ODB port dead, EV System error, Range and Economy not calculating

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May 14, 2024
Williamsburg, VA
I know this has happened in the past to other members but was hoping for a fuse number or at least fuse box and capacity.

Went in for the second key programming this morning, everything working fine. Technician said ODB wasn't supplying power and I needed a fuse. Sure enough, my Carista doesn't light and Leafspy doesn't see it.

In addition, I now have the EV System warning light, my remaining range is dashes, and the efficiency bar graph shows 0.

Anybody know which fuse might be blown and whether it is in the interior or under-hood fuse box(es)? Thanks!
OK, I have definitely found a blown fuse that is linked to the OBD. Fuse 13 in the driver's side dash. The message with the clue was right here (in 2017):

Evidently this fuse controls the Body Control Module, among other things.

Unfortunately I bought a set of fuses slightly too physically large so I can't test it quite yet.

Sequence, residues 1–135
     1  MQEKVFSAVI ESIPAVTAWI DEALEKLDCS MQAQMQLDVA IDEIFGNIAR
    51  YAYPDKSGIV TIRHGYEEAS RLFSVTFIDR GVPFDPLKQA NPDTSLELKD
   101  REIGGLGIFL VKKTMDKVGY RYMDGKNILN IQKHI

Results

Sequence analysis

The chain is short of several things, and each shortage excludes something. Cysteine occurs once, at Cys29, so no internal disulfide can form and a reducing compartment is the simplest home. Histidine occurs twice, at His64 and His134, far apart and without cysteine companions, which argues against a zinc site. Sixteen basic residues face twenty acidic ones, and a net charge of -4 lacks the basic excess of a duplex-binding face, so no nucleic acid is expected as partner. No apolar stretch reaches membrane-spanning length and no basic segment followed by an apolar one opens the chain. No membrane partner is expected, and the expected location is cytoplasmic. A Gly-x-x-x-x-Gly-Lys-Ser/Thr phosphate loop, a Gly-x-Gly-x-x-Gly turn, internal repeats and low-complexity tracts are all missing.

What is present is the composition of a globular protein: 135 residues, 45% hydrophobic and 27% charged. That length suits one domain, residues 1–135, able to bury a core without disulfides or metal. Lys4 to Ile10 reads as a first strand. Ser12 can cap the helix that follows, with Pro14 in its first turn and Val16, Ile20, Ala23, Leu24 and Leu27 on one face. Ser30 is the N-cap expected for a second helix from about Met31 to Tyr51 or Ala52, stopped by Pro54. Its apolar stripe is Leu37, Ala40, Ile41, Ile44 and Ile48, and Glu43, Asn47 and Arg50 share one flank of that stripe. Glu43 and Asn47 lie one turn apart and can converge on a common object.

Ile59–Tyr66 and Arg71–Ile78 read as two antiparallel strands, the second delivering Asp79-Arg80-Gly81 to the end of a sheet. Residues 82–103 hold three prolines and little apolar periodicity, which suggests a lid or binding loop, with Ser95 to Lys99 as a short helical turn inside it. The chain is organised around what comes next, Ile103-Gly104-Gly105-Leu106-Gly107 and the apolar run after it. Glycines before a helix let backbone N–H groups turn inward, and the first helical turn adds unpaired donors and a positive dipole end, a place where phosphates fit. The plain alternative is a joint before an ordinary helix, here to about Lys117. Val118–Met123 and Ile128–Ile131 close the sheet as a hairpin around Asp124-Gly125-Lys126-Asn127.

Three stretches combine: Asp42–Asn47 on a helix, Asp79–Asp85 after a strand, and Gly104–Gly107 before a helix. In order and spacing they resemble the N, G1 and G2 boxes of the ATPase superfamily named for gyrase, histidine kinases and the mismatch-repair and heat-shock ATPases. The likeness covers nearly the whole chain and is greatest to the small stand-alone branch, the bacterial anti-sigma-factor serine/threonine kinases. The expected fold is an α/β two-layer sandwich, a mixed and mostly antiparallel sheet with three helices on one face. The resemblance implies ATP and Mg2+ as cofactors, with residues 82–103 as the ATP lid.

The OBD port works along with the range and efficiency (and other stuff I didn't notice) now that fuse 13 is replaced. The key tech didn't fry it this time, but the unit needed upgrading in a spot with good wifi... so key will be programmed tomorrow morning at 9:30, if my luck clears up.
Fuse 13 is a so called "extended storage switch" and is responsible for disconnecting (the car ships with fuse 13 removed) functions that cause constant load on 12V battery so it does not get discharged when the car is in sitting in a lot. Those functions include things like settings memory (explaining the missing efficiency data) or i-key transceivers. It's a 10A fuse that should never see anywhere close to 10A of load so I think your technician messed something up to make it pop. It's just too much of a coincidence that one of the least loaded fuses in a car happens to burn up when a technician does something with the OBD port.
To close the loop on this thread, the tech accessed my ODB with the software upgrade downloaded and installed on the programing unit (or Samsung phone client, which is also involved)... no further blown fuses, and the key is programmed! (much relieved applause). The average efficiency finally changed by .1 so I know it is working with the immediate efficiency bar graph. Taadaah!

I just wish my original solution of Car Keys Express and EZ Installer had worked, but I would have ended up with a non-cut electronically working key at best. I could have blown my own fuse, thank you.